Loading articles...

Is it about the issues, or attacks? Federal leaders gather for English-language debate

Last Updated Oct 7, 2019 at 12:41 pm PDT

(From left) Liberal Leader Justin Trudeau, Conservative Leader Andrew Scheer, NDP Leader Jagmeet Singh, PPC Leader Maxime Bernier, Green Party Leader Elizabeth May (THE CANADIAN PRESS/Sean Kilpatrick, Chris Young, Paul Chiasson, Adrian Wyld)

All six federal party leaders are set to take part in Monday's English-language debate

Pundit believes participants have been relatively even-keeled through the first half of the campaign

GATINEAU, Que. (NEWS 1130) – You might have to peer past the personal attacks, but there are issues in this federal election and hopefully we’ll hear some healthy debate over them in just a few hours.

All six federal leaders will gather at the Canadian Museum of History in Gatineau, Quebec — the most sparring on stage together than any other time in Canadian history — for the final English language debate of the campaign.

Will the debate descend into assaults on character, focusing only on scandals? At least one pundit believes the participants have been relatively even-keeled through the first half of the campaign.

“I would characterize the tone so far as being fairly respectful, although there have certainly been some very pointed personal attacks against some of the leaders,” says Maxime Heroux-Legault, an assistant professor of political science at UBC, Okanagan. “Especially Liberal leader Justin Trudeau on the basis of the brown face incident.”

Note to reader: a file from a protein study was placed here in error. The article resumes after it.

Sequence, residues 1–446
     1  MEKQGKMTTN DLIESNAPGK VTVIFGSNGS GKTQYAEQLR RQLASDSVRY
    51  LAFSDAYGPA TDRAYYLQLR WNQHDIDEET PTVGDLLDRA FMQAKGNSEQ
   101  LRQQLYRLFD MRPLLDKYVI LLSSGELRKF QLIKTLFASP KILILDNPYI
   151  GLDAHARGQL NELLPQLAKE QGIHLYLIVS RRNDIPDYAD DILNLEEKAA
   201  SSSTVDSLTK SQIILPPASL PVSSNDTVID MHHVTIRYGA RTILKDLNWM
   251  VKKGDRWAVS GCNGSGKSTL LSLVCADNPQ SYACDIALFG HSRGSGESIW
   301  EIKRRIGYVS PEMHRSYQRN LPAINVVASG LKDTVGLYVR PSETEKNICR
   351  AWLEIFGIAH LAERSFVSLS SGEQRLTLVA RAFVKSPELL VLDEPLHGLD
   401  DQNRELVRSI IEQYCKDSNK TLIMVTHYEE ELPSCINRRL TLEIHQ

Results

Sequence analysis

He also points to attacks on Conservative leader Andrew Scheer on the question of abortion in Canada. However, Heroux-Legault feels the character assaults and focus on scandal have not reached the intensity of the 2015 federal election.

“I think that maybe character attacks aren’t quite as strong this time around, maybe in good part because last time around people were essentially campaigning against Stephen Harper,” he tells NEWS 1130. “But this time, interestingly, what we find is that instead of attacking Scheer, they are trying to associate him with other people such as Ontario Premier Doug Ford.”

Heroux-Legault says Canada has seen a shift toward a “presidentialization” of politics. “This is the idea that we focus more and more on the leader rather than focusing on the party, the potential cabinet, the platform or the issues.”

One consequence is the character of the leader becomes increasingly important in both election coverage and in terms of the attack strategies adopted by the parties.

Not that there is an absence of issues.

“It’s worth pointing out that one of the major themes of this election is the environment. That’s been fairly dominant throughout the campaign and it expect it will remain so until election day. The cost of living as well — all of the parties are offering various measures in order to make life more affordable for Canadians,” explains Heroux-Legault.

“There is certainly an aspect of the campaign that focuses on the issues, but you do have to look for it.”

All six federal political party leaders will participate in a two-hour, English language debate today at 4pm PT.

The participants are Liberal Justin Trudeau, Conservative Andrew Scheer, the NDP’s Jagmeet Singh, Yves-Francois Blanchet with the Bloc Quebecois, Elizabeth May of the Green Party, and Maxime Bernier with the People’s Party of Canada.

-With files from Martin MacMahon